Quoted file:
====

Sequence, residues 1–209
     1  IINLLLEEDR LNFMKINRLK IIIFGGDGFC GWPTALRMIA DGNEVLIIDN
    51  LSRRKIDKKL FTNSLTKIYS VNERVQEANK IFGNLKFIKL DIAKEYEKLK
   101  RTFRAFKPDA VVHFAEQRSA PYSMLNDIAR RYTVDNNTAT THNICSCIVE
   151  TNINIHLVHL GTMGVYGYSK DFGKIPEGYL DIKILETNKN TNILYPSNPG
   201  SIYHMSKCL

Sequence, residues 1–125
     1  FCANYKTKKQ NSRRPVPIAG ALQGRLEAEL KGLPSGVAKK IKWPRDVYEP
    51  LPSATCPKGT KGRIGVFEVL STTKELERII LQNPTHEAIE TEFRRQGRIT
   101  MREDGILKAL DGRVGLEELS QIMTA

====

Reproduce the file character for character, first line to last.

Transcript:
Sequence, residues 1–209
     1  IINLLLEEDR LNFMKINRLK IIIFGGDGFC GWPTALRMIA DGNEVLIIDN
    51  LSRRKIDKKL FTNSLTKIYS VNERVQEANK IFGNLKFIKL DIAKEYEKLK
   101  RTFRAFKPDA VVHFAEQRSA PYSMLNDIAR RYTVDNNTAT THNICSCIVE
   151  TNINIHLVHL GTMGVYGYSK DFGKIPEGYL DIKILETNKN TNILYPSNPG
   201  SIYHMSKCL

Sequence, residues 1–125
     1  FCANYKTKKQ NSRRPVPIAG ALQGRLEAEL KGLPSGVAKK IKWPRDVYEP
    51  LPSATCPKGT KGRIGVFEVL STTKELERII LQNPTHEAIE TEFRRQGRIT
   101  MREDGILKAL DGRVGLEELS QIMTA